Let’s assume, for now, that this group is not an undercover intelligence organization and the group’s claim of being a medical NGO is legitimate. Remember that we are fighting for the hearts and loyalty of our Pashtun brothers, and we must carefully counteract any attempts of the corrupt central government to divide us from our holy brothers. The forces of the great Satan corrupt everything they touch and, together with the Zionists, are working throughout the world to smite Allah and the words of his prophet. They now know that they cannot defeat us as long as the people support us. Instead of fighting us directly, our enemy seeks to divide us from the population by providing essential services to the people, services that are difficult for us to provide. Remember that this NGO, even if they claim no direct allegiance to the corrupt government, operates with the government’s knowledge and consent. Additionally, many NGOs receive their funding from the Great Satan or, if not directly from the United States government, from Americans wishing to spread Christianity in our Muslim lands. These NGOs are rarely willing to accept or embrace our values.
If you decide to let them operate in your area, you must insure that the people perceive the NGO presence as evidence of our authority, not the corrupt government’s. More importantly, you must make it very clear to the NGO that we determine their access to the population. Without access to the people, the NGO will be unable to perform their work and will be perceived by their donors as ineffective and a failure.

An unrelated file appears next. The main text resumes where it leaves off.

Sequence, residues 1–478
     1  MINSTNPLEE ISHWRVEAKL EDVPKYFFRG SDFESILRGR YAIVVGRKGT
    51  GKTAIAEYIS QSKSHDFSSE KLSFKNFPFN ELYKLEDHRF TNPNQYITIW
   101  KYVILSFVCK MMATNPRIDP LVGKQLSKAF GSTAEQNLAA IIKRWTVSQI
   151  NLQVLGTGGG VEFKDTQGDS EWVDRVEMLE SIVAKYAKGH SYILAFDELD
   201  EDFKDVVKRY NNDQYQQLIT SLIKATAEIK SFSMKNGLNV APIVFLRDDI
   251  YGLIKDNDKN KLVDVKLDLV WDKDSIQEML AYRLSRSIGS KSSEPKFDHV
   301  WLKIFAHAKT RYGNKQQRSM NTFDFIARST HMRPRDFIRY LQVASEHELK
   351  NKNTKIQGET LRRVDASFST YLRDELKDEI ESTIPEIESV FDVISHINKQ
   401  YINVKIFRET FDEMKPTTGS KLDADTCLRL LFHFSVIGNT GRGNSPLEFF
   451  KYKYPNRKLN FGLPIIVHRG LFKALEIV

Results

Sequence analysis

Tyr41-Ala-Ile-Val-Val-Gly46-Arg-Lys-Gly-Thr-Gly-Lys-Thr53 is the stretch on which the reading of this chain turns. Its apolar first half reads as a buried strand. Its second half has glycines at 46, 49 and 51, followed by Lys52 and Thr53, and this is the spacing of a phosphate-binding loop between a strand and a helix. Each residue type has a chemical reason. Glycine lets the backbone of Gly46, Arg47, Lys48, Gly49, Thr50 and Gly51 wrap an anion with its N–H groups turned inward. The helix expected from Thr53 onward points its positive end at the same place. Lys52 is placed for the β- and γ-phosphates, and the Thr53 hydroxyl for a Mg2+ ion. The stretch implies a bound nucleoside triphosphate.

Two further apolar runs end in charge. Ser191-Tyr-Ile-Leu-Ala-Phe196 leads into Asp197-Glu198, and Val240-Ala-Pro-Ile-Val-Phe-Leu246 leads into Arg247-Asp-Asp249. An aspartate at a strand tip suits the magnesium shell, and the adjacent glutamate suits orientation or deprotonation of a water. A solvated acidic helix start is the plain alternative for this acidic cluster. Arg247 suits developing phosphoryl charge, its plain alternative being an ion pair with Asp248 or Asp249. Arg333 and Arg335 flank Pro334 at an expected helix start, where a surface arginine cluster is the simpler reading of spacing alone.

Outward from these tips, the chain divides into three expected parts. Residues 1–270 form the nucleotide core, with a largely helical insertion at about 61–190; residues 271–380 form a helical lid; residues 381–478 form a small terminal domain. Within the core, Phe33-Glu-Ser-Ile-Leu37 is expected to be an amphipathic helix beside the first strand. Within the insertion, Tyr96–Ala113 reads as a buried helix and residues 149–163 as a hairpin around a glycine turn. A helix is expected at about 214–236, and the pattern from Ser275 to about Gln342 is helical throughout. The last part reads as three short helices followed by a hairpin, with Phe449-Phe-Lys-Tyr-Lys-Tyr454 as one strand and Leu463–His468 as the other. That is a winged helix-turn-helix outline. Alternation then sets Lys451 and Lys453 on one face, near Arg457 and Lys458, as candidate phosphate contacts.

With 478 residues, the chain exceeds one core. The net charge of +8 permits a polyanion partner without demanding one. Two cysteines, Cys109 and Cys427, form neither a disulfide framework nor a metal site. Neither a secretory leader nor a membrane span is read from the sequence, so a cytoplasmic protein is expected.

You must communicate to the NGO that their personal safety and access to the sick are dependent upon two things. First, the NGOs must give us credit for all of the care they are providing, not the corrupt government. Secondly, they must have no contact with the foreign invaders or intelligence agencies of the corrupt government. The NGO must know that if any information about you or your fighters is passed to our enemies, either by their workers or their patients, it will be on their heads. We cannot allow the enemy to infiltrate this area and use a ruse of medical care to obtain information on us; the Great Satan will use this information to conduct night raids to kill you and our fellow brothers.
Don’t be ignorant, however, of the risks you face if you prevent them from entering your area. If they have legitimacy in the international community as true humanitarians, you will be perceived as a backward extremist who is preventing the delivery of health services to the region. If you or your holy warriors injure or kill any of these health workers, the Great Satan will likely brand you a war criminal. If this happens, don’t be surprised when you are promptly martyred in a night raid or predator strike.